An ice deposit on Mars could hold as much water as Lake Superior
A huge pool of water is frozen deep under the surface on Mars. It is approximately the same size as the largest of the Great Lakes-- Lake Superior. Scientists observed the mid-north latitudes in the Utopia Planitia region with over 600 passes of the orbiters ground piercing shallow radar, called SHARAD for short. This deposit is fairly bigger than the state of New Mexico, and its thickness ranges from 80-170 meters (or 260- 560 feet).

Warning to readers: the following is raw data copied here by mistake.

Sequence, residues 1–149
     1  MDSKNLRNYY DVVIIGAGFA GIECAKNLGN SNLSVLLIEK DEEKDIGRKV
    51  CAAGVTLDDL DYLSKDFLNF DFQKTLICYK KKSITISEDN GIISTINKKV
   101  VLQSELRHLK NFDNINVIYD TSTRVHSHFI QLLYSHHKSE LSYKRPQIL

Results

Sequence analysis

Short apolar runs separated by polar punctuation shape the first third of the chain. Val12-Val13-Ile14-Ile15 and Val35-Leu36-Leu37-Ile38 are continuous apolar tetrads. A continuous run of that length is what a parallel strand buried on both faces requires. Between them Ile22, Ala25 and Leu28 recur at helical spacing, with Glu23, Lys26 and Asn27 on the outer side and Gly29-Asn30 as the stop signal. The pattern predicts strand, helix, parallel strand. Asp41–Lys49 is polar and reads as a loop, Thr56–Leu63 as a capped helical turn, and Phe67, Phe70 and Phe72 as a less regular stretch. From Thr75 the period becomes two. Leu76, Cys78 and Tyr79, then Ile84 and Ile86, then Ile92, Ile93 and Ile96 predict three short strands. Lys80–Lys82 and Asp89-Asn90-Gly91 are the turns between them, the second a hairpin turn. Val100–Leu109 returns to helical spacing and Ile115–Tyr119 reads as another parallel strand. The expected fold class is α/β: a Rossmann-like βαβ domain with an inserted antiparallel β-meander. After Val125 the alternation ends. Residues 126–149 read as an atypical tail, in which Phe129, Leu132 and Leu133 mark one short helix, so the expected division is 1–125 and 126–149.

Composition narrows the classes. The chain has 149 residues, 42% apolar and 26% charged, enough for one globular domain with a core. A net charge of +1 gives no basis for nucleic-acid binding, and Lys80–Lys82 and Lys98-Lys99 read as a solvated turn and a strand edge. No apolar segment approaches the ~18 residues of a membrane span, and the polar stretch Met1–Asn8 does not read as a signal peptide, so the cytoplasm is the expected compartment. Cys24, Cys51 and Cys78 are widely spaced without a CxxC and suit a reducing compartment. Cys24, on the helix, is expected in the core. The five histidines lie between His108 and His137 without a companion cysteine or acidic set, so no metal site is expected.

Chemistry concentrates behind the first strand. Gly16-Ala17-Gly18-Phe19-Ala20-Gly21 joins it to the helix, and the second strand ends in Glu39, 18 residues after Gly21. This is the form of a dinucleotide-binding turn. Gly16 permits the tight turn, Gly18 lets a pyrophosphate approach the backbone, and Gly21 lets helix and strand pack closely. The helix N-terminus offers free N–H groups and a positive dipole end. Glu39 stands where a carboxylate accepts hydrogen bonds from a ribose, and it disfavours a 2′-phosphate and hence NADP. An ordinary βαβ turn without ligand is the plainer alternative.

This deposit is composed of a 50-85% ice mixed with dust or rocks. The surface of Mars is too cold and far away from the sun for liquid water to exist, so it takes ice form. When it does get heated up, the thin and dry atmosphere turns the water into water vapor immediately. Today Mars has an axial tilt of 25 degrees, so the water accumulates near the poles. The tilt means that the equator is closer to the sun, so the water melts and goes away from the middle and toward the poles.
Scientists are saying that we could mine the water from Mars if we ever run out on Earth. In this plain they observed that the ice is very close to the surface, which makes it easier to mine. It is also in a relatively flat area and is at a low altitude which would make it easy to land a spacecraft on.